A smartphone like the Nothing Phone (1) has never crossed my mind, but I have. Some of the design elements of the phone, like as the LED-illuminated transparent back panel, seem familiar after a while of using it.
On July 12, Nothing Inc. unveiled its first smartphone, the Nothing Phone (1). To succeed in this competitive market, a newcomer must take on some of the industry’s top-selling devices. Featuring a transparent design that includes LED lights. A lot of attention has been paid to Nothing’s smartphone launch.
NOTHING PHONE (1) SPECS
- Starting price: £399
- Storage: 128, 256
- Battery size: 4500 mAh
- Screen size: 6.55 inches
- Resolution (ppi): 2400 x 1080 (402)
- Adaptive refresh: Up to 120Hz
- Processor: Qualcomm SnapdragonTM 778G+
- Rear cameras: 50MP (Main, Ultra Wide)
- Front camera: 16MP
- Colors: White, Black
- Size: 6.3 x 3.0 x 0.3 inches
- Weight: 6.8 ounces
- Water resistance: IP53
Although it has a flat back and volume rockers on the right, it screams “iPhone.” Even though I love the iPhone design, there are times when I couldn’t tell the difference between an iPhone 13 Pro Max and a Nothing Phone (1) when they were both upright.
No matter how many times I did it, I always enjoyed the novelty of opening the Nothing phone for the first time. The phone’s moniker alone drew a slew of jokes, but it might also have been the way it came out of the box, displaying a weirdly translucent back.
There’s always a risk that the magic of a well-designed product may wear off. Being overshadowed by performance or software faults is a far worse fate. Before drawing any judgments, we’ll need to do our standard battery of tests, compare cameras, and see how the Nothing Phone (1) performs in real-world situations.
However, in the little time I had with Nothing Phone (1), one aspect of the design jumped out. Neither the iPhone nor the top Android phones have this feature.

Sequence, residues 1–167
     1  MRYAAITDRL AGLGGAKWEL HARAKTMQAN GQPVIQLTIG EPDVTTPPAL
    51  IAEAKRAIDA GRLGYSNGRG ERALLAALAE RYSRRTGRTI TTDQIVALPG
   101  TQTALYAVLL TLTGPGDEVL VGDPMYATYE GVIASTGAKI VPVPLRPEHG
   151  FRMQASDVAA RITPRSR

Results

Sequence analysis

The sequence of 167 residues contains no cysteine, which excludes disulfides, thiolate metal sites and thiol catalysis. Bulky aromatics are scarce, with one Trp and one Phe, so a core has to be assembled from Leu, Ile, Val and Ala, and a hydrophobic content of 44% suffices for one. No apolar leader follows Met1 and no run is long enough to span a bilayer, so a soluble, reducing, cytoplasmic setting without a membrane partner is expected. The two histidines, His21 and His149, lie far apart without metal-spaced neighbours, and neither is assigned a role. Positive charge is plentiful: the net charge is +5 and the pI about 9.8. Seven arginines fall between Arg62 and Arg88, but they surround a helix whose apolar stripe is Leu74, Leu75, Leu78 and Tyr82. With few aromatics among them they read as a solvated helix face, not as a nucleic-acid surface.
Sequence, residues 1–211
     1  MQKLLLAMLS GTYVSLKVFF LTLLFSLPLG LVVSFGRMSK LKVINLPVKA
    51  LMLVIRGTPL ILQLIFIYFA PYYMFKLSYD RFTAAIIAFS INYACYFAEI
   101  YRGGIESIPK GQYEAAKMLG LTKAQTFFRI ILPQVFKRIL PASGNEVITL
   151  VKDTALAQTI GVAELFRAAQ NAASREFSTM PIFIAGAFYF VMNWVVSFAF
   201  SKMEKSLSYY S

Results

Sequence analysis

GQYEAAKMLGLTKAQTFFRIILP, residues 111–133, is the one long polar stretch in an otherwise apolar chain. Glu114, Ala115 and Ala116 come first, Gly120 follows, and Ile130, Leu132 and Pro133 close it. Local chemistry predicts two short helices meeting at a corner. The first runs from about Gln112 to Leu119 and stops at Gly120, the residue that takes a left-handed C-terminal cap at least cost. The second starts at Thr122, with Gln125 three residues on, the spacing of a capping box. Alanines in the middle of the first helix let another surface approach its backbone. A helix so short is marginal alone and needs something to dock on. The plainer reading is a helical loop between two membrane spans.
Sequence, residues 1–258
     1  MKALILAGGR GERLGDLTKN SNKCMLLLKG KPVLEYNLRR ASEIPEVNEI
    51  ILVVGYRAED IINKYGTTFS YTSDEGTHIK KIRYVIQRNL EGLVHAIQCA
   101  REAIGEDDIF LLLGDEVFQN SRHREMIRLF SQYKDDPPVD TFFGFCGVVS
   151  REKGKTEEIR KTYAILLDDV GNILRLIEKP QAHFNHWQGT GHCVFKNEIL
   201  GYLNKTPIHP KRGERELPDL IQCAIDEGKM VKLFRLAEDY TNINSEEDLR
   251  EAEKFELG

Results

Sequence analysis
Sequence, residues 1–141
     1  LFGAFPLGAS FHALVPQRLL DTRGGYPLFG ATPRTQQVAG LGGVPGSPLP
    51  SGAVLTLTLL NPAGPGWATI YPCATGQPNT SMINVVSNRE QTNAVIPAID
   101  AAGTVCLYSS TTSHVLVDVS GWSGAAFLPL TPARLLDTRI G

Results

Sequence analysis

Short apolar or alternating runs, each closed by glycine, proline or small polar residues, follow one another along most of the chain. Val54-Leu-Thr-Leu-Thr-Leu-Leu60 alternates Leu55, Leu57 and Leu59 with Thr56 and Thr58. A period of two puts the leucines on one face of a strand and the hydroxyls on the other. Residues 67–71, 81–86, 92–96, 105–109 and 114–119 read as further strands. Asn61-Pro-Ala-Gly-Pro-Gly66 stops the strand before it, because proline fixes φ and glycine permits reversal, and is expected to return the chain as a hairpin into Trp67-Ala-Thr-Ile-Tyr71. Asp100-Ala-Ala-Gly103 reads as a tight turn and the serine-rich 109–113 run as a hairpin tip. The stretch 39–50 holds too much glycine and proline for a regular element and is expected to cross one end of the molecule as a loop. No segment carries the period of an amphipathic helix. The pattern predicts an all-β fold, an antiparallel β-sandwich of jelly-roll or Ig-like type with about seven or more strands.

Nothing Phone (1) design hands-on — Glyphs
The LED lights on the Nothing Phone (1) promise a show akin to those on the Samsung Galaxy Fold and Samsung Galaxy Z Flip, which both showcase the beauty of foldable screens.
A mechanism called Glyphs, which can be accessed in Nothing OS’s settings, powers the light show. Nothing OS is a basic and conventional Android skin. I was able to find the Glyph settings within just a few minutes of using the phone.
Based on your assignments, glyphs emerge on the Nothing Phone (1)’s rear panel in the form of distinct light flashes. The same way you choose favorite ringtones for incoming alerts, you can allocate certain glyphs to specific contacts and apps.
However, unlike a smartphone flashlight, the LEDs aren’t as brilliant or noticeable. When a Glyph debuts, you shouldn’t be flashing a light in the eyes of anyone around you if you hold up your phone. In a dark movie theater, the glyphs could be distracting if you’ve forgotten to turn off alerts, but in daylight or well-lit environments, they’re hardly noticeable.
Glyphs may sound nice, but you wouldn’t hear “ohs and ahs” if they interrupted a conference due of the way the lights are regulated. This shows smart design.
The Glyph-based alert system has piqued our interest, but we’ll need to give it more time before we can tell for sure how much we like it.
Nothing Phone (1) outlook
There’s a lot to prove when a whole new phone joins the market. Many people had high hopes for the Nothing Phone (1) design, but we’re not sure we can claim that it’s genuinely unique. There isn’t much originality in terms of design, so the LEDs and translucent backs will have to do the talking.
Things like camera quality, battery life, and display responsiveness all play a role in the success or failure of Nothing’s first mobile device. Soon, we’ll have more to say about it.
Starting at £399 for the 8GB/128GB version, the Phone (1) is available in white or black, and prices go from £499 for the 12GB/256GB variant. On July 21, 2022, the doors will open to the public for the first time.